(22 Dec 2011)
1. Wide of giant Turkish flag being held up, pan to protesters with another flag
2. Wide of demonstrators with Turkish and French flags
3. Close up of women at protest
4. Wide of protesters with banner reading (French) "No to the bill, history for historians, politics for the true politicians."
5. Wide of protest
6. SOUNDBITE (French) Fatih Ekici, protester of Turkish descent:
"We are asked to officially recognise that our grandparents were assassins but no one can say that our grandparents were assassins."
7. Medium of protesters holding banners reading: (French) "My grandfather is not an assassin"
8. Set up of protester Emma Topcu holding banner
9. Topcu talking to friend
10. SOUNDBITE (French) Emma Topcu, protester of Turkish descent:
"Today, it is our rights that we are defending, our right for free speech, our freedom of expression. To say that we'll have to pay 45,000 euros fine, that we can be fined up to 45,000 euros with a one year prison sentence, I mean, at some point, you have to say no, it's not acceptable."
11. Wide of protesters draped in Turkish flags
12. Medium of protester with flag as head scarf
13. Set up of protester Ahmed Celik
14. SOUNDBITE (French) Ahmed Celik, protester of Turkish descent:
"I don't know what they have against us. This Armenian issue is over a century old, what is it about? It's just creating tensions."
15. Wide of banner reading: (French) "Stop stigmatising the Turkish community"
16. Various of protesters
Hundreds of members of the Turkish community gathered behind France's National Assembly in Paris on Thursday to protest against a bill that would render the denial of the Armenian genocide a crime.
Politicians approved the measure that will make it a crime in France to deny that a mass killings of Armenians in 1915 amounted to a genocide.
This could put France on a collision course with Turkey, a strategic ally and trading partner which argues the conflict nearly 100 years ago should be left to historians.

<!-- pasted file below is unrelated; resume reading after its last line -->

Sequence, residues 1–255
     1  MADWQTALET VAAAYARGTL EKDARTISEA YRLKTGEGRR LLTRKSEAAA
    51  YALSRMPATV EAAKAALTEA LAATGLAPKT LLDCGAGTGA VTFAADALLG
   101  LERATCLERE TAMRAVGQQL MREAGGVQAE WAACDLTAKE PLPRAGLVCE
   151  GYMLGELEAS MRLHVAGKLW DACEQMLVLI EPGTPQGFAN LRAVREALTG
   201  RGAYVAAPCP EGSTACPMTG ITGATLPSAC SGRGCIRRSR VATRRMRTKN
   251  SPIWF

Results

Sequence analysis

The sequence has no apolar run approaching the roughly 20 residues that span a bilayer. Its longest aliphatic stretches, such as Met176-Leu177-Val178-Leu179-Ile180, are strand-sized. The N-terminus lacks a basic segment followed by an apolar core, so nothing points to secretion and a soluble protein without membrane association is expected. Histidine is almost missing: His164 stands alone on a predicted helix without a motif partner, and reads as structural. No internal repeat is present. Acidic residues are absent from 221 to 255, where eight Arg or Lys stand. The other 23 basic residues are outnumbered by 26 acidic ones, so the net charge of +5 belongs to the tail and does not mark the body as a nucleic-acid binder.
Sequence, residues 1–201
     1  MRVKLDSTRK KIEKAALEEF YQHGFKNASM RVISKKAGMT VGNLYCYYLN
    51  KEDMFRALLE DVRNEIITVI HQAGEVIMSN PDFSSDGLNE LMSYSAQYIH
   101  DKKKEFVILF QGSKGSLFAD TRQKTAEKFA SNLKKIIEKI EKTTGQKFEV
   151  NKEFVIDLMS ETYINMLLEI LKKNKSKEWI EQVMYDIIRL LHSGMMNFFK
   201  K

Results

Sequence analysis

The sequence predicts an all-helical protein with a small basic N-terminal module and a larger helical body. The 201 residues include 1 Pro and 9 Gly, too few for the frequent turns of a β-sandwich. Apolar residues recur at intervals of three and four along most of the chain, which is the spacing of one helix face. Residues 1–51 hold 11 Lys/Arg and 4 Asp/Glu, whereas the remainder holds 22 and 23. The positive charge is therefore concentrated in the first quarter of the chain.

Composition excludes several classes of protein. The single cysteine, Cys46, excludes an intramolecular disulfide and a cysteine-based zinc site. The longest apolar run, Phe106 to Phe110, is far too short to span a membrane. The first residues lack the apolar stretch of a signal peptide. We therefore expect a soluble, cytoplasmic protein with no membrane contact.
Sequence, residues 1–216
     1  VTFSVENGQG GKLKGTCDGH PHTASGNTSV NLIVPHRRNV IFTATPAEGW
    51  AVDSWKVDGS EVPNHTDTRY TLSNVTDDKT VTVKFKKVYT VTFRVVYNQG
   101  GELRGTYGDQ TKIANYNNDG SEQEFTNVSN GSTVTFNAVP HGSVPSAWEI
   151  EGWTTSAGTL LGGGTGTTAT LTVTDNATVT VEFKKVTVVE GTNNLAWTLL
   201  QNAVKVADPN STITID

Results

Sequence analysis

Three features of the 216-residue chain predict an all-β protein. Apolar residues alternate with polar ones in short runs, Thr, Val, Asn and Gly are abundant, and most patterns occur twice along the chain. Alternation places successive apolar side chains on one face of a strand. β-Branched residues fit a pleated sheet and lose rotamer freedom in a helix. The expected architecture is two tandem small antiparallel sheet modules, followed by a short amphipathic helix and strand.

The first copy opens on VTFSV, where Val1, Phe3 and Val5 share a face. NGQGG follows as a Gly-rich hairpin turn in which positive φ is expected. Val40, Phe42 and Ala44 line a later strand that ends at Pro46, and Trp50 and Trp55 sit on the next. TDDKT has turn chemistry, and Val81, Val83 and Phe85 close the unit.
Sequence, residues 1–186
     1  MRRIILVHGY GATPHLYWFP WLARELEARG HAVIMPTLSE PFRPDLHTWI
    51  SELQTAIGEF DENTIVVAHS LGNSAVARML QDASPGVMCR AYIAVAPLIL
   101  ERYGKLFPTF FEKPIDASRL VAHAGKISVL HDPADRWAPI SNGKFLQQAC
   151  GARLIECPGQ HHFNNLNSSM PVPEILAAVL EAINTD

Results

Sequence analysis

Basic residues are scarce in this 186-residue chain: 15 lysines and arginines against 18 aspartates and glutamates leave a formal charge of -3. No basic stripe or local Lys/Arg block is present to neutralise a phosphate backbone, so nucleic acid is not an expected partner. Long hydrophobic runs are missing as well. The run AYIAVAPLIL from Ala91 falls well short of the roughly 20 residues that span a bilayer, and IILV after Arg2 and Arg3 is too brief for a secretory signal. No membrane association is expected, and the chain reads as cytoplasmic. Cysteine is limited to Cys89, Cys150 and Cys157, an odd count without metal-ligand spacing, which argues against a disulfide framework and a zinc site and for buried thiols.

Holding Turkish and French flags, protesters demanded that French politicians oppose the bill.
"We are asked to officially recognise that our grandparents were assassins but no one can say that," said demonstrator Fatih Ekici.
Another protester said she was standing up for Turkish rights, free speech and freedom of expression.
"To say that we'll have to pay 45,000 euros fine, that we can be fined up to 45,000 euros with a one year prison sentence, I mean, at some point, you have to say no, it's not acceptable," said an outraged Emma Topcu.
Ahmed Celik, a French citizen of Turkish descent, said debating the issue is just creating tensions.
"I don't know what they have against us", Amhed said. "This Armenian issue is over a century old, what is it about?"
Turkey insists the mass killings of Armenians, up to 1.5 according to historians estimate, occurred during civil unrest as the Ottoman Empire collapsed, with losses on both sides.
But it vehemently rejects the term "genocide".
Turkey has campaigned to get France to abandon the legislation, threatening to withdraw its ambassador and warning of "grave consequences" to economic and political ties.
France is pressing Turkey to own up to its history for the sake of "memory" just as the French have officially recognised the role of the state, the collaborationist Vichy government, in the deportation of Jews to Nazi death camps during World War II.
France formally recognised the killings as genocide in 2001, but provided no penalty for anyone denying that.
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